In the current engineering and sustainability literature, it has become clear that, per person, city dwellers exert a far smaller environmental impact than rural or suburban folks. This is true for net greenhouse gas emissions, water use, energy use, and the total amount of land necessary to feed them and maintain their lifestyle (their “ecological footprint”). While city life may have for most of human history meant lower quality of life, health problems, etc., modern medicine and other technologies have largely eliminated the worst of those problems.
The sad truth is, there simply isn’t room on the planet for all of us to go back to an “optimal” H&G lifestyle. We would near-literally walk our ecosystems to death. Barring a complete collapse of human civilizations worldwide – which I pray and believe will not happen – cities are a necessary part of a sustainable human race. The key will be to redesign cities so that they can operate in a way that fosters community, connectedness, and spirituality, rather than cars, consumption, and separation from one another.



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Hecate Demetersdatter

posted May 28, 2009 at 8:37 pm


Well in the end, the key to everything, whether we go “back” go H&G or whether, as John Michael Greer and Thorn Coyle recently postulated, we all move into cities and leave the wilderness alone, in the end, the key is controlling population. Jensen himself discusses this in Endgame, but downplays it. Many of us “good liberals” downplay it because it brings up scary scenarios of gov’t control and the rich white people getting to outbreed everyone else. But Jensen does postulate that societies with myth cycles that are circular may hold the key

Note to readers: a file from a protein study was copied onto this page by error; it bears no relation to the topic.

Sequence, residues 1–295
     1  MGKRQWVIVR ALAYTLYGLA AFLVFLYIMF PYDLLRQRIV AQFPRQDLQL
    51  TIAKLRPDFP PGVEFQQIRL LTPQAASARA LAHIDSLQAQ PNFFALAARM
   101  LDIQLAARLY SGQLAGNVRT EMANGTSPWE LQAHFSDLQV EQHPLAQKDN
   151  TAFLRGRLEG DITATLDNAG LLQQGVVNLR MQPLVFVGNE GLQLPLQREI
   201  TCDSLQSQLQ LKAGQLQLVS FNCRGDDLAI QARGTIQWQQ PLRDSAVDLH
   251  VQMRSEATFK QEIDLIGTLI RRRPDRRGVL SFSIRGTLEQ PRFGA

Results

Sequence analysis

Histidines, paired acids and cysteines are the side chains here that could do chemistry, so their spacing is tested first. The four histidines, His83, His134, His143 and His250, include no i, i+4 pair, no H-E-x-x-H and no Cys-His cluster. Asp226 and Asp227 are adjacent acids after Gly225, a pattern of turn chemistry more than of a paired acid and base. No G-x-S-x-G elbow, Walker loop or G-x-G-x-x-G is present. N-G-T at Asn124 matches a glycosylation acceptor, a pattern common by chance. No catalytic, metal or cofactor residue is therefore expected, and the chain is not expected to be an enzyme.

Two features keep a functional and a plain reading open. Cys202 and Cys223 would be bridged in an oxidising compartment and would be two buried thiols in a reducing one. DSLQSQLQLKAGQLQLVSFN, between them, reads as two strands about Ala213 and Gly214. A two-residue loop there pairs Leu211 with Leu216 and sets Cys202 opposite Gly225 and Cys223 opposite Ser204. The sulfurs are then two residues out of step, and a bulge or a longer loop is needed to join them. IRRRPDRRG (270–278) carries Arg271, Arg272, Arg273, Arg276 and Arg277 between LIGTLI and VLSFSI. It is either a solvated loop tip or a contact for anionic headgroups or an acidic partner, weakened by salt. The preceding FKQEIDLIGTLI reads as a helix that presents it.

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Colin

posted May 29, 2009 at 11:31 am


I’ve read all of Jensen’s books, twice in some cases, excepting his new novel, just out last month. Many of his books begin by recapitulating his main ideas on civilization and then continue to extend and elaborate on them. “Language” is the book I usually recommend as an introduction– I also have to say that “Endgame” (two volumes) is his finest work and may help to clear up some of your confusion on his ideas regarding cities.
Here’s his main point in a nutshell– human cities are unsustainable because they rely on the importation of resources, and the exportation of waste. The above comment regarding modern city dwellers having a smaller foot print couldn’t be more false– unless you count a car-dependent, gasoline fueled, commercial farmer as being “rural.” I, and Jensen, do not. Mentally compare the footprint of a modern city-dweller to that of a true rural individual (an animal powered, organic, truly local, subsistence farmer) and you’ll see the difference between them.